Direct Argument

Of the various means of argument in mathematics, a direct argument is perhaps the simplest and most straight-forward. Metaphorically, a direct argument hops from one known fact to another immediately deducible fact until arriving at the desired conclusion -- much like a child hopping from one rock to another to get across a river without getting wet.

Just as such a child may not know every hop they will ultimately need to get from one bank to another before they start moving, one may not be able to foresee all of the steps required in a mathematical argument ahead of time either. No need to worry -- this is where a great deal of the fun lies! Doing mathematics is a bit like playing with a puzzle in this regard. You try something, which leads you to try something else, and then something else, and so on. Maybe you ultimately end up at a dead end -- but if you do, you can always just back up and try a different path!

Definitions, theorems, and postulates often provide the means by which we "hop" mathematically -- i.e., deduce some new thing must be true given some other thing is known to be true.

Let's consider a simple example -- let's say we wish to prove the following implication: $$\textrm{If $a, b, c$ and $d$ are integers with $a$ and $c$ nonzero and $a \mid b$ and $c \mid d$, then $ac \mid bd$}$$

In beginning such an argument, note that the side of the river where we currently stand consists of four presumed-true statements:

  1. $a, b, c, d \in \mathbb{Z}$
  2. $a,c \neq 0$
  3. $a \mid b$
  4. $c \mid d$
Of course, the other bank consists of the lone statement $ac \mid bd$, which we hope to show is true.

It is not clear where the first two presumed-true statements might lead. It seems as if the first could just be there to allow us to write the bottom two statements (as divisibility is a property related only to integers). The second one too, might just be a convenience allowing us to avoid any talk of zero as a factor of either $b$ or $d$.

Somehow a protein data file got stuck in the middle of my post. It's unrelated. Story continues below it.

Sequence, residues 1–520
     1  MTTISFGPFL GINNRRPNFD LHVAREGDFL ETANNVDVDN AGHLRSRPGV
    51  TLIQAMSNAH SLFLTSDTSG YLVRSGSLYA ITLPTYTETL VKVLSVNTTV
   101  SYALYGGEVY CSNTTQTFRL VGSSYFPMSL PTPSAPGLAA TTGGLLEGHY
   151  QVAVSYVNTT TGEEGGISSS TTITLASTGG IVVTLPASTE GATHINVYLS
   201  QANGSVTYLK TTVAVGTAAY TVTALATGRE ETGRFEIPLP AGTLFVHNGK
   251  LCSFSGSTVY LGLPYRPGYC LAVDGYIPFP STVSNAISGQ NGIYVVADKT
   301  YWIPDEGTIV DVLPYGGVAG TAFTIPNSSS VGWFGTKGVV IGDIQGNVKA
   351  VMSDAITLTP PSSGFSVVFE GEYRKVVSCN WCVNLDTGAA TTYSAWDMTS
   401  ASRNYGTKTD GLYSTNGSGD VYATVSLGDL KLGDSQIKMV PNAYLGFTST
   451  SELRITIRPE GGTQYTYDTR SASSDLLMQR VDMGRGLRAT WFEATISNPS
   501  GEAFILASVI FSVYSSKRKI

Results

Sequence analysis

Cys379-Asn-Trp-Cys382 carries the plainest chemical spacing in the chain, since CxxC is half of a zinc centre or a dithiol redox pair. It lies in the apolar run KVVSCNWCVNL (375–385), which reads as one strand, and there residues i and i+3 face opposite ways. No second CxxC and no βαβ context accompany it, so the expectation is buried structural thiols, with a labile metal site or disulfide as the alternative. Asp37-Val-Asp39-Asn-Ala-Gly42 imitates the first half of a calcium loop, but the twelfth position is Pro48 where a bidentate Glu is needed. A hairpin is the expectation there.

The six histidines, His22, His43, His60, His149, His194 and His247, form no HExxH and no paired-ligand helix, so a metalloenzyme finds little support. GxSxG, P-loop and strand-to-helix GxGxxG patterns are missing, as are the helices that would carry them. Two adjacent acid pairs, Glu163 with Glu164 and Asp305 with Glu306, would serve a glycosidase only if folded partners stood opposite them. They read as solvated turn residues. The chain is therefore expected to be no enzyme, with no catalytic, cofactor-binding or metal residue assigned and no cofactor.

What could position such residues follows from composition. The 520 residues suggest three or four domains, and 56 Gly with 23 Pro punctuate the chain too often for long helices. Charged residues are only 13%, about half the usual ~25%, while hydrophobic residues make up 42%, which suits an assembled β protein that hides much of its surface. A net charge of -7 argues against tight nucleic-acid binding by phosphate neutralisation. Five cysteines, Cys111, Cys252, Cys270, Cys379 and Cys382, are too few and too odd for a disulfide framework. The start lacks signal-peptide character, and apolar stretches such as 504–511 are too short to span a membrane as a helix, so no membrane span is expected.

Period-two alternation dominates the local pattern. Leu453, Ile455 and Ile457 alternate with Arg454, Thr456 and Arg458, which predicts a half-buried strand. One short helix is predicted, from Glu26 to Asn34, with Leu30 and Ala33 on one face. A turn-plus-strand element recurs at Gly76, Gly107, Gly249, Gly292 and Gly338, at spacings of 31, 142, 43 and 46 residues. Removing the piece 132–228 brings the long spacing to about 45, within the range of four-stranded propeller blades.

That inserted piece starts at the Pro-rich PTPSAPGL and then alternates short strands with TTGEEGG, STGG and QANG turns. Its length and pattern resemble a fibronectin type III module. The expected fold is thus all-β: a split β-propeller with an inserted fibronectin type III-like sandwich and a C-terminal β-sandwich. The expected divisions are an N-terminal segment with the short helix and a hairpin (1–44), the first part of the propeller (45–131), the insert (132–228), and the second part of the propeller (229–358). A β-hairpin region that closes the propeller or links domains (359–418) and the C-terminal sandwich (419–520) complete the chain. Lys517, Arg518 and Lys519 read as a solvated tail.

Unsure if they will be needed in any additional capacity, let us put these first two statements aside for the moment, and focus on the last two statements instead. We have of course just learned that $m \mid n$ means that $n = mk$ for some integer $k$. Let's apply this definition to the third and fourth presumed-true statements above to see where they lead: $$ \begin{array}{cl} \underset{}{a \mid b} & \implies\\ \underset{}{c \mid d} & \implies\\ \end{array} \left.\begin{array}{c} \underset{\textrm{ for some } k_1 \in \mathbb{Z}}{b = ak_1}\\ \underset{\textrm{ for some } k_2 \in \mathbb{Z}}{d = ck_2} \end{array}\right\} \implies \quad ? $$ Notice we use different subscripts for the $k$ factor in each of the conclusions so that we don't imply these two factors must be the same value of $k$. We could have used different letters as well, but using the same letter with different subscripts for values that are strongly related but not identical can sometimes reveal symmetries that help guide our intuition and argument.

Ok, we have made two related and opportunistic "hops" -- now what do we do?